you put a flyback in the computer to power the plasma bulb~lol!

    Crikey! It's like Las Vegas. What are the advantages (to you) of having external hard storage over putting it inside? L

    6 replies

    If it's not spinning, it can't be destroyed by malware or a brain-damaged kernel on a filesystem-corrupting rampage. If it's on a different power supply, it won't be roasted when a bad PWM driver and faulty crowbar circuit conspire to send 170v (the p-p voltage of 120v RMS) to all the components in the box. If it's outside the box, it's easy to detatch and swap with its mate which lives off-site, so last week's backup is in a safe-deposit box somewhere. If it's external, it doesn't contribute to the cooling fans' burden.

    I've read most of your reasoning, and most of it makes no sense. I use a simpler approach on one of my machines. Use a power strip and a decent OS that has a log/journal filesystem. Time to turn everything off? Hit the switch on the power strip. Done. $0. If you're really fancy, you set the BIOS to auto-power-on so you really do only have to press the one switch on the power strip. Unless you were able to control that relay from the OS in software, this mod is purely didactic.

    If you're usually in the same building as your computer, then this mod just saves a little labor and forgetfulness. Suppose you have backup software that can shut the computer down when it's finished running, but the external drive stays on when that happens. This mod lets you walk away or go to bed while the backup job takes place, then shuts down the drive when appropriate.

    Yes, sounds good, and that's what i wanted to know. But I'm not sure abou the malware, after all these are connected to your machine. L

    P.S. The first bit about "not spinning" would only apply if the drive could be started and stopped independently of the main PC. This instructable isn't appropriate for always-on PCs that want sometimes-on peripherals, but it looks like it'd be fine for folks who turn their computers off.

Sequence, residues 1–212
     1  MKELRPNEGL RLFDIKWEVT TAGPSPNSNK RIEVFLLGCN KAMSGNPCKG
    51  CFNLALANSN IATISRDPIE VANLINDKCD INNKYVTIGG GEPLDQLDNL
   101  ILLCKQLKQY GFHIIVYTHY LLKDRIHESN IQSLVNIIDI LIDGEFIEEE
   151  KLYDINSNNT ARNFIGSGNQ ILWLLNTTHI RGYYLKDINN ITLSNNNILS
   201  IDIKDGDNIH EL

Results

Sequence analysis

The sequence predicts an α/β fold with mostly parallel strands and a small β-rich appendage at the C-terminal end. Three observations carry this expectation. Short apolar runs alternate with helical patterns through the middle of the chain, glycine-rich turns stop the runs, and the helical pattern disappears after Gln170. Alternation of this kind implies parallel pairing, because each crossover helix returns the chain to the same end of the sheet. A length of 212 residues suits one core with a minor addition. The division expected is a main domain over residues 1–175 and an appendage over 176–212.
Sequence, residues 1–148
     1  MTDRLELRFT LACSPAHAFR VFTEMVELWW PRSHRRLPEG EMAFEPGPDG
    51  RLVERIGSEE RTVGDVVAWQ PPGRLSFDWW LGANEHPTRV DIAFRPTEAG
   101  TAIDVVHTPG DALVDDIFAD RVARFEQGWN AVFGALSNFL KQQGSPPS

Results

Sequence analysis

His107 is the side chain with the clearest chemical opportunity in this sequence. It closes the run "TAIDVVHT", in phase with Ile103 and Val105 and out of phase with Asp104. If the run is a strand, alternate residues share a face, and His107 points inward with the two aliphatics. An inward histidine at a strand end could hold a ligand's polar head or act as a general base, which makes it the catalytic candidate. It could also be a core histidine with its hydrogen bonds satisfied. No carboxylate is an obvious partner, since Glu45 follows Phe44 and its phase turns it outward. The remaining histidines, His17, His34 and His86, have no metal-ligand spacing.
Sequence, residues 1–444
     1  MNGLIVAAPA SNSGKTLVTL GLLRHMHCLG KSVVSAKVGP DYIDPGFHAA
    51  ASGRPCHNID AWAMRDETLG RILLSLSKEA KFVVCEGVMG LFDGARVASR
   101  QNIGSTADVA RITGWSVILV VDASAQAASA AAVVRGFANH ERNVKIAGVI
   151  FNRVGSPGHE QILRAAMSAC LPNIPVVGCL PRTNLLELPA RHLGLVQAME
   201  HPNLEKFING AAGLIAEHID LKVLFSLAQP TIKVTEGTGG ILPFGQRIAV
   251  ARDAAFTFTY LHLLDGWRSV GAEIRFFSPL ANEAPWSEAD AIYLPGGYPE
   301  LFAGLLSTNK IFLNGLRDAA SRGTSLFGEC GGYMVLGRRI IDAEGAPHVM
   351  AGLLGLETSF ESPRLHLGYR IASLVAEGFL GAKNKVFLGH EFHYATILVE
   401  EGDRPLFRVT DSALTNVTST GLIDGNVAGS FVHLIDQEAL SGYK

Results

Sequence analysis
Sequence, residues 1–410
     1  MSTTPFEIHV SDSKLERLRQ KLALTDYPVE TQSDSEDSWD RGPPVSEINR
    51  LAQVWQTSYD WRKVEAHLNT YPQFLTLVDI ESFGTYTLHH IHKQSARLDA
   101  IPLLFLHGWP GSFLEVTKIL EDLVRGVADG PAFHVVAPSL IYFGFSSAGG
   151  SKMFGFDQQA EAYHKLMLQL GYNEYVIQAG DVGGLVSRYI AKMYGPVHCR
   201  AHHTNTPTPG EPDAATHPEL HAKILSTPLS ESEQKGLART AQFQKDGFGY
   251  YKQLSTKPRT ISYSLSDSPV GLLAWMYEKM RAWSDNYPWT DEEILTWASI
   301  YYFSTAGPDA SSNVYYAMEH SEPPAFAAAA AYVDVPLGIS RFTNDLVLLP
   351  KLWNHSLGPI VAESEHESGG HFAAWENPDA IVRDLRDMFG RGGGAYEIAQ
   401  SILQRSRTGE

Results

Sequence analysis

That is really a waste of a relay. Why not simply power the external HD enclosures directly from the PC power supply? It provides high quality 12V (and 5V too) and only when the PC is on. I have done it on numerous occasions when I got tired of having those ugly black bricks hanging around. This is a much better, cleaner and energy efficient solution.

    2 replies

    It's not a waste, messy or ugly either. I added one small black box that is behind and out of view that runs 3 items for me. The two drives use no power from my main PSU, and the extra supply gives me the added power I need. I prefer to let my main PSU run the two internal drives - and I let the wall run the outer two drives. Plus I now have 10 amps of AC that turns ON and OFF along with my PC to run anything else I want should the need arise.

    Please note I am not saying that your solution is bad or anything, but I still think your relay is a waste. It is a waste because your PC power supply can generously handle the extra load with no problem whatsoever.

    This sort of computer-driven relay is useful even without excessive mods or external drives; think of all those things that aren't useful unless your computer is on: powered USB hub, printer, monitor... The nearness of the 12V computer supply leads and the 120V AC wires in your relay box makes me nervous; I hope you at least have some sort of strain relief in the AC power wiring...

    Your Bubbler friken scares me...